THE GRANDMOTHER by Georges Simenon

THE GRANDMOTHER

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KIRKUS REVIEW

Minor psychological Simenon, circa 1959: a reckless, high-living, glamorous celebrity has her flimsy, childish approach to life bared through a confrontation with her strange old grandmother. The celebrity is parachute-jumper Sophie, and her grandmother Juliette (whom she hasn't seen in years) suddenly turns up as a suicidal old woman, the last holdout in a nearby building that's about to be torn down. Sophie is summoned to reason with Juliette; and Juliette responds with alarming alacrity, quite happily forsaking her last stand to move (with all her things) to Sophie's chic apartment, which is also inhabited by taciturn maid Louise and emotionally fragile singer LÉlia, Sophie's current poor-little-friend-in-need. But things are uneasy from the start, though the two women share their somewhat similar life stories and feelings about men. Juliette (""I'm not nice and I'm too old to start now"") forcefully creates her own little world within Sophie's; Sophie sees herself in JulJette's pattern of essentially empty, parasitical, manipulative relationships; the two try to wound each other (Sophie's ugly wild parties, Juliette's suicide-threats and nasty digs), to dominate; pathetic LÉlia, caught between, moves out. And finally, after Juliette confesses her worst sin (helping her ill husband to suicide), she's totally rejected by Sophie and kills herself, leaving the granddaughter hollowly triumphant and essentially unchanged: ""She was going to have to begin all over again, to find something else to fasten on to."" An initially intriguing situation, rather murkily fleshed out--but the clean translation shows off Simenon's expertise at leanly achieved atmosphere and his impressively un-dated knack for rounded female characterization. Interesting.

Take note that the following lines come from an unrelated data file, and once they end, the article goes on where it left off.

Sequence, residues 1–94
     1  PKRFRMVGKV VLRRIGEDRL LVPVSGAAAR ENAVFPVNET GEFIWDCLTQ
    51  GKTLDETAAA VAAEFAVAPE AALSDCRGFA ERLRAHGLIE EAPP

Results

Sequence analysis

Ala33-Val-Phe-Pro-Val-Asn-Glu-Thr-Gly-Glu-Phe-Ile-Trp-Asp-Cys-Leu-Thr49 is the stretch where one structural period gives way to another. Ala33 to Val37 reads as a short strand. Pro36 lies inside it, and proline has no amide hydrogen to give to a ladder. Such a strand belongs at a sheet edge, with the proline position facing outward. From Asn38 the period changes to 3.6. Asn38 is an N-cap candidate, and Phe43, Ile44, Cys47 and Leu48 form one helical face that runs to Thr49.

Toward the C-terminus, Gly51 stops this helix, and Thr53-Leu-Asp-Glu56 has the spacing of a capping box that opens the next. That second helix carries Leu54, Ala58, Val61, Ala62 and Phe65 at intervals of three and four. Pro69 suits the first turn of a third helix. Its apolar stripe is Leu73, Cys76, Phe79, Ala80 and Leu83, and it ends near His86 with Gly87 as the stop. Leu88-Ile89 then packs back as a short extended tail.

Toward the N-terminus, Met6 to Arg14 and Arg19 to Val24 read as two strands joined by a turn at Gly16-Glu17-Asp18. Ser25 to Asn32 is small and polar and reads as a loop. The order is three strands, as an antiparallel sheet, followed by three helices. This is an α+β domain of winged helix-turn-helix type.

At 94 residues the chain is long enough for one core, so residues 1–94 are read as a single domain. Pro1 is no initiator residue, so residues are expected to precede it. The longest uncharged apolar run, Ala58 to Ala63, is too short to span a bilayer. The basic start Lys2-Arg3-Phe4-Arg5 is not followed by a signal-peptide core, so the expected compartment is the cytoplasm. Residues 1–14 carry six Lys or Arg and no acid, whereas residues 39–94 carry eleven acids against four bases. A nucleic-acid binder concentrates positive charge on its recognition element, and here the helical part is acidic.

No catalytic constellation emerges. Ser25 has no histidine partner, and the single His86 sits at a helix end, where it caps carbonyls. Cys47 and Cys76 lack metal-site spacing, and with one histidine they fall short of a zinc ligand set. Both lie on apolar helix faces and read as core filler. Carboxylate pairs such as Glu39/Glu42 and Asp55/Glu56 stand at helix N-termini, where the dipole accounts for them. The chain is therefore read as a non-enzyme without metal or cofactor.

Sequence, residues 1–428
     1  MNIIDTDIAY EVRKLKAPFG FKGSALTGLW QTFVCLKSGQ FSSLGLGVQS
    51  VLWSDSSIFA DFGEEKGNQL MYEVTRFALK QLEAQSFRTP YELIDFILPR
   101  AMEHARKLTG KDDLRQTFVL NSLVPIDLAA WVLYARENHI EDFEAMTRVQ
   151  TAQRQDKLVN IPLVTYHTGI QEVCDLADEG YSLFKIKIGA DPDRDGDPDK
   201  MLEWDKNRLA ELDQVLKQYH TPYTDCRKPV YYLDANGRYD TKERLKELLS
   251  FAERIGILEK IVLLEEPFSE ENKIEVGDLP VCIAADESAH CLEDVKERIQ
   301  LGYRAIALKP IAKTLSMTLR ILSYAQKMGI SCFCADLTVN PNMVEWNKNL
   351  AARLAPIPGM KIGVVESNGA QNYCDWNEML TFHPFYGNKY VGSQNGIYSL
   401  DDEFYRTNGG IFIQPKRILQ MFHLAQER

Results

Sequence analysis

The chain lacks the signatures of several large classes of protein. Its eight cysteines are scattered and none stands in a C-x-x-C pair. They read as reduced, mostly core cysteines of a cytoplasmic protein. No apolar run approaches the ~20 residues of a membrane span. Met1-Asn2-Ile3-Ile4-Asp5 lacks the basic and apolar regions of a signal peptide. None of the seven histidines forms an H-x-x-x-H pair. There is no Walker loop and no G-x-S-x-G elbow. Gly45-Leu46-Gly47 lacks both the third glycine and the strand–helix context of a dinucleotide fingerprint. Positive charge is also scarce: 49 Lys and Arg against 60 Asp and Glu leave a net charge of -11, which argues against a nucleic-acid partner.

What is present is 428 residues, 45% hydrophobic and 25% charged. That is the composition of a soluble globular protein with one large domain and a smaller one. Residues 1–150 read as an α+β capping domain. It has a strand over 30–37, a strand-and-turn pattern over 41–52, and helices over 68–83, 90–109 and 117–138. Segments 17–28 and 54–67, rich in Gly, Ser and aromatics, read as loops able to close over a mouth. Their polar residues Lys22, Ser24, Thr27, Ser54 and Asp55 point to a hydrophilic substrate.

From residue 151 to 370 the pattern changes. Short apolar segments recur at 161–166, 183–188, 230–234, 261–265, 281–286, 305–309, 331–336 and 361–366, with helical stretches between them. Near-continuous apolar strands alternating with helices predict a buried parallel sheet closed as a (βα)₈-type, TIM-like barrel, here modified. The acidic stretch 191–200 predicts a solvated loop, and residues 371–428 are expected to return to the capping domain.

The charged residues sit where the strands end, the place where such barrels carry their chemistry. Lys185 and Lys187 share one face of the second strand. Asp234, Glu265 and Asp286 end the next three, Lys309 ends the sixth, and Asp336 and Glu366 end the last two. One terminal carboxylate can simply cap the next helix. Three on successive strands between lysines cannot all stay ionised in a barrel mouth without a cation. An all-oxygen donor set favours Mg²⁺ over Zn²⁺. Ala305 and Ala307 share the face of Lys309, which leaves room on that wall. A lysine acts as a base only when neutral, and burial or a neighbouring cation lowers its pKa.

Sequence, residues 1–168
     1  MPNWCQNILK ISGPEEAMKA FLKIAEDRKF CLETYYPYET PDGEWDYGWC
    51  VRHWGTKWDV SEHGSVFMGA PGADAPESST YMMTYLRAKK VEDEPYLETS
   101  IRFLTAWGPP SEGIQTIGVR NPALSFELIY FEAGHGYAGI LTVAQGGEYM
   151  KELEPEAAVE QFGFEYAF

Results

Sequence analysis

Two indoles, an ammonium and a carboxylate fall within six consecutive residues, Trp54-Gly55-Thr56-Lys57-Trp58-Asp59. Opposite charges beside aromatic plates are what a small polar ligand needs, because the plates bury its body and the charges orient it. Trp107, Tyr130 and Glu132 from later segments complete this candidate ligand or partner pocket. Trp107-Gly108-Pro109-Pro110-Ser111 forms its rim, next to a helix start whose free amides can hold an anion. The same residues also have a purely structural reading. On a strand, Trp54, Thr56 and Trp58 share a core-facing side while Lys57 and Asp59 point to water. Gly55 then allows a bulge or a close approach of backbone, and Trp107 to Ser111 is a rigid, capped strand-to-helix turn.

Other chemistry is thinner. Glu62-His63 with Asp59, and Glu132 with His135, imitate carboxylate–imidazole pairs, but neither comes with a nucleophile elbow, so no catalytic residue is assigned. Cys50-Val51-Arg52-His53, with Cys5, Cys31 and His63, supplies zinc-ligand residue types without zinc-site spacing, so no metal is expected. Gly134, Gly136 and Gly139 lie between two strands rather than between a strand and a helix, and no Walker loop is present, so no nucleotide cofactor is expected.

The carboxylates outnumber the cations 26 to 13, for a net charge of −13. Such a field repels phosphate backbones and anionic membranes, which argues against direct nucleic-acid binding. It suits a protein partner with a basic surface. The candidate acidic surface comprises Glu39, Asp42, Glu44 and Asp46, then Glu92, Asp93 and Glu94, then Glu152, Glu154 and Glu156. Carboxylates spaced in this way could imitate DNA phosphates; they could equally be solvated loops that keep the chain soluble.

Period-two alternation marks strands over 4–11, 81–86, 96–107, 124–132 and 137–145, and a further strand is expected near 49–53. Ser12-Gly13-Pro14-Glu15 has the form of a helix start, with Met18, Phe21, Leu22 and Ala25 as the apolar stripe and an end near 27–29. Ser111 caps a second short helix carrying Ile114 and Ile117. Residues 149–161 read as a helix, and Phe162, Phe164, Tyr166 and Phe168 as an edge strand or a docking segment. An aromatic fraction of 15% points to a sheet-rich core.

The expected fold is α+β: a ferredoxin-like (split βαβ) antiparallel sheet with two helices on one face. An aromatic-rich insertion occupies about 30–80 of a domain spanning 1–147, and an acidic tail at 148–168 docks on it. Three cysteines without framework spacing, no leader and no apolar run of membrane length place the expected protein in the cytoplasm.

Pub Date: Sept. 16th, 1980
Publisher: Harcourt Brace Jovanovich